Bill Seeks Equal Kansas Teacher Union Access

TOPEKA, Kan. (AP) — A Kansas House committee is considering a bill that would let professional associations approach teachers and public school staff who might be interested in their services. Kansas law now requires districts to grant full access to teachers only to the designated "professional education organization" that negotiates teachers' contracts. The executive director of the Kansas Association of American Educators testified for the bill Monday before the House Education Committee. Garry Sigle said his organization isn't seeking to negotiate teacher contracts, just provide teachers information about other services. The Kansas Supreme Court has labeled Sigle's group a professional education organization. The bill before the committee would change the law to require districts to grant access to all PEOs, even those merely seeking to distribute information. The Kansas National Education Association opposes the bill.

Dodge City Clinic Seeks to Drop Funding Challenge

WICHITA, Kan. (AP) — The Dodge City Family Planning Clinic is seeking to withdraw from a lawsuit challenging a state law stripping federal family planning funds from Planned Parenthood clinics in Wichita and Hays and an unaffiliated clinic in Dodge City. A joint filing Monday at the 10th Circuit Court of Appeals says the parties have entered into an agreement to dismiss the Dodge City clinic from the suit. The clinic closed December 31. The move has no impact on the claims by Planned Parenthood of Kansas and Mid-Missouri. The lawsuit stems from a Kansas law requiring the state to first allocate federal family planning money to public health departments and hospitals, which leaves no funds for specialty clinics. A judge found last year that the statute unconstitutionally bars the plaintiffs from eligibility.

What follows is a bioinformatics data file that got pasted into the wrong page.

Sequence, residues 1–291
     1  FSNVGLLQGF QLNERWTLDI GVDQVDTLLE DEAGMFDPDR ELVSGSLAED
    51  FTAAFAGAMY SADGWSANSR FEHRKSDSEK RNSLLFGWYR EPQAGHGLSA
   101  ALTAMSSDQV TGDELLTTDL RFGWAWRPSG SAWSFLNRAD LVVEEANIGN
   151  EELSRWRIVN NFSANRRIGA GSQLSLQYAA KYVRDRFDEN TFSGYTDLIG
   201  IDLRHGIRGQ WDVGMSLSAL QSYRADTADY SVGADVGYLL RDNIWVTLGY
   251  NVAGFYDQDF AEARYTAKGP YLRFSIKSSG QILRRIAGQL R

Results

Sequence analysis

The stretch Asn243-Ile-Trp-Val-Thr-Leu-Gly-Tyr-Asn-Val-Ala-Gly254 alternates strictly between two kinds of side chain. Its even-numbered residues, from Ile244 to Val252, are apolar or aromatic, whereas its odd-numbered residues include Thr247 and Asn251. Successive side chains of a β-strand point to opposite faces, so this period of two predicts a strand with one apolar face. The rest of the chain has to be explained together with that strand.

Man Caught after Chase Through Entire Kansas County

WILLIAMSTOWN, Kan. (AP) — The Kansas Highway Patrol says a man was arrested after leading officers on a chase that spanned nearly all of Jefferson County. The chase began when a patrol trooper tried to stop the pickup outside of Topeka because its tag numbers and tail lights were covered. After the driver sped away, officers pursued him along U.S. 24 through Grantville, Perry and Williamstown at speeds that sometimes reached 110 mph. The pickup also went into fields and gravel roads during the chase. Patrol spokesman Don Hughes says the pursuit ended when the pickup caught fire as the man drove through a field southeast of Williamstown. The man got out of the vehicle and surrendered peacefully. The man was treated at the scene before being taken to the Jefferson County Jail.


Bank Robbery Prompts Lockdown of Mulvane Schools